This project is all about learning and helping to collect data about how plants change over the course of a year – from budding, to flowering, to leafing out, to, for many trees, dropping leaves. The science of studying how organisms react to environmental changes in day length, temperature, rainfall etc. throughout the year is called phenology – and changes in phenology are evidence of changes in climatic conditions. Tracking this can be a little difficult for younger family members, but kids can learn about these changes in their own yard or in public or natural areas with the new Budburst for Families program, and teachers can visit https://budburst.org/educators
Interested in the weather? You can contribute to understanding how weather varies across the world, and changes in weather with the Community Collaborative Rain, Hail, and Snow network. With a few simple tools – a rain gauge and a DIY hail pad, you can collect data about one of our most precious resources, fresh water, and contribute information that can be used to inform emergency preparation for communities during storm events. Learn more about it through their introductory slide show. Getting started and entering data will need quite a bit of help from adults for younger participants.
Projects to contribute to science from your computer
Your help is needed to identify natural phenomenon from remote locations! With increases in computing power and devices for remotely observing, the number of images these projects have collected is greater than what professional scientists can process. From images of remote galaxies to wildlife captured on trail cameras, you can help turn images into data from anywhere with internet connection. Hundreds of project opportunities can be found at Zooniverse. A few projects are highlighted below.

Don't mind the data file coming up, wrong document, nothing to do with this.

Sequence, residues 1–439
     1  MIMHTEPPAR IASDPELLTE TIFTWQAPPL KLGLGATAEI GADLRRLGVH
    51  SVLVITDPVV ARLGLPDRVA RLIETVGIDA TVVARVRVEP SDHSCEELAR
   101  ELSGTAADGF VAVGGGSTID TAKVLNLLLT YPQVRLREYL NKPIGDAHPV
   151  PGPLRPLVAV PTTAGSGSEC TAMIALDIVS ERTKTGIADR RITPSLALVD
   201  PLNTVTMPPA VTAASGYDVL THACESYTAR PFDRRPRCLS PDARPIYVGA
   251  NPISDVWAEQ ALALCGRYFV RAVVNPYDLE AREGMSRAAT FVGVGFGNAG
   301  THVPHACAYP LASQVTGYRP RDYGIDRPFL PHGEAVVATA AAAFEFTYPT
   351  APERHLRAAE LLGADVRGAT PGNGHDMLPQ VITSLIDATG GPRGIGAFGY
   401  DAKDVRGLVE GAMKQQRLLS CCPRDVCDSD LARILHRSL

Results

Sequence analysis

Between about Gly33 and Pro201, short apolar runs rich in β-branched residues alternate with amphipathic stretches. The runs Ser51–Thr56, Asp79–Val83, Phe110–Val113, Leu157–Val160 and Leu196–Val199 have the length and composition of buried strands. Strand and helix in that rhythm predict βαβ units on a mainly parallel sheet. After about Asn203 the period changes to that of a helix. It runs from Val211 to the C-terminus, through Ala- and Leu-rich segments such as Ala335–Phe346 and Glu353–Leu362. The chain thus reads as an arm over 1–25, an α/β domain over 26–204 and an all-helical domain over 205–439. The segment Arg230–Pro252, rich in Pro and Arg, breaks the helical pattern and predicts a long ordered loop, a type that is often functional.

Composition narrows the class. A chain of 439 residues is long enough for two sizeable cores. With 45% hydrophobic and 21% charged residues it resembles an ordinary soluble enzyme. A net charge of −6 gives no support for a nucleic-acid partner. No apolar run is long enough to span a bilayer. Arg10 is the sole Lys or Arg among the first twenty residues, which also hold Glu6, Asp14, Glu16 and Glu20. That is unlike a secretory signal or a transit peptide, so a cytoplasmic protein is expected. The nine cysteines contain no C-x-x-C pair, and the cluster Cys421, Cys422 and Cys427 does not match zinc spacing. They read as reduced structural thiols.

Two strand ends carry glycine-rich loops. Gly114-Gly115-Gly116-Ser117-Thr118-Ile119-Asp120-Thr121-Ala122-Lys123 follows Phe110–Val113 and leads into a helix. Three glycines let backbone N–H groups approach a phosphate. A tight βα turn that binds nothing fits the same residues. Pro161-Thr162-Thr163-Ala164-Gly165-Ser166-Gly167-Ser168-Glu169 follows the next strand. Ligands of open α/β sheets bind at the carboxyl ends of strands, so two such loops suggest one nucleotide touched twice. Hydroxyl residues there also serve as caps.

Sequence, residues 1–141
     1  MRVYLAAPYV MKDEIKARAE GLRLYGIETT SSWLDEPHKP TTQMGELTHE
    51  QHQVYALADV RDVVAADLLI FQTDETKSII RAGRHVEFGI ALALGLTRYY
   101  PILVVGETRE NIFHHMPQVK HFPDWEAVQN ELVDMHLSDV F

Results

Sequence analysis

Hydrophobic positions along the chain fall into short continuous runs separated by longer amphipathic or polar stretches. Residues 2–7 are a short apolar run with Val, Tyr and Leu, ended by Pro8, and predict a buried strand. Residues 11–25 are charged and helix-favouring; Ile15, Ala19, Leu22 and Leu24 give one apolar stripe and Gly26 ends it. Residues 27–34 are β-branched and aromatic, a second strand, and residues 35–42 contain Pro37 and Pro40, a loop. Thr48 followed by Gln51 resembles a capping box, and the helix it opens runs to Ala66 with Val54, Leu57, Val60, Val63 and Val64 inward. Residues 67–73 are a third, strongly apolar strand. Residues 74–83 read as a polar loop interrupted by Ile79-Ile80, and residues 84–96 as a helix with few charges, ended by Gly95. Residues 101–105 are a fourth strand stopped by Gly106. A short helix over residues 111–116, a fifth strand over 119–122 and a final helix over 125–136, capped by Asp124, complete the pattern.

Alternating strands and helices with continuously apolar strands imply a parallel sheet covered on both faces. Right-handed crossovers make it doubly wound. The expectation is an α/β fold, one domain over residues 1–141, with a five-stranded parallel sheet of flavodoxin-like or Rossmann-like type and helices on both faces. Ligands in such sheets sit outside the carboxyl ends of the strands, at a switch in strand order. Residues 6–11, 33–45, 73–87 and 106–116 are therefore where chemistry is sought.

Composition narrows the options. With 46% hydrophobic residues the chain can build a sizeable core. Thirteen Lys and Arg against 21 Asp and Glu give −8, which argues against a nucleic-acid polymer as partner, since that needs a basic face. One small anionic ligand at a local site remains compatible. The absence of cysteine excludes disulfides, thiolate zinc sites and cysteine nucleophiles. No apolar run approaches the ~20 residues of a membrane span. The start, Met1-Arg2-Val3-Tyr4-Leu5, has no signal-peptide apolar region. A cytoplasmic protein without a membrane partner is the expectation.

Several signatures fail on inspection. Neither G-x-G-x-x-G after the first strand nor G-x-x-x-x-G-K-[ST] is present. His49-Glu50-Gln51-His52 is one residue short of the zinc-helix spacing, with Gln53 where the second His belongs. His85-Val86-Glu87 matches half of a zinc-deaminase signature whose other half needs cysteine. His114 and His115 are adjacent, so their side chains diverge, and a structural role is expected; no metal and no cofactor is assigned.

Identify new worlds from space: the final frontier! At Galaxy Zoo, you’ll help search through images sent from remove orbital telescopes to find new galaxies and stars.
Remote Camera Identification
Help identify creatures from trail cameras set up throughout the US with EMammal. You can participate even if you are unsure of your ID skills. As they point out, if 20 untrained observers identify an image as a deer, it’s probably a deer. There are several sub-projects for different regions. Zooniverse also hosts similar projects all over the world, with several in hard to reach destinations in Africa, the Antarctic, and across the US and Canada – see if there is one for your town, state, or province! Interested in oceans? Floating Forests asks you to help monitor kelp forests.
CCS at ANR
Community and citizen science (CCS) refers to scientific research conducted, in whole or in part, by amateur or nonprofessional scientists. As both a field of research and an evolving area of scientific practice, CCS has grown rapidly in recent years. UCANR has been engaging with the public and a variety of clientele communities for more than a century, and much of this engagement has involved clientele participating directly in research.
MERENLENDER, A.M., CRALL, A.W., DRILL, S., PRYSBY, M., and BALLARD, H. 2016. Evaluating environmental education, citizen science, and stewardship through naturalist programs. Conservation Biology (pdf)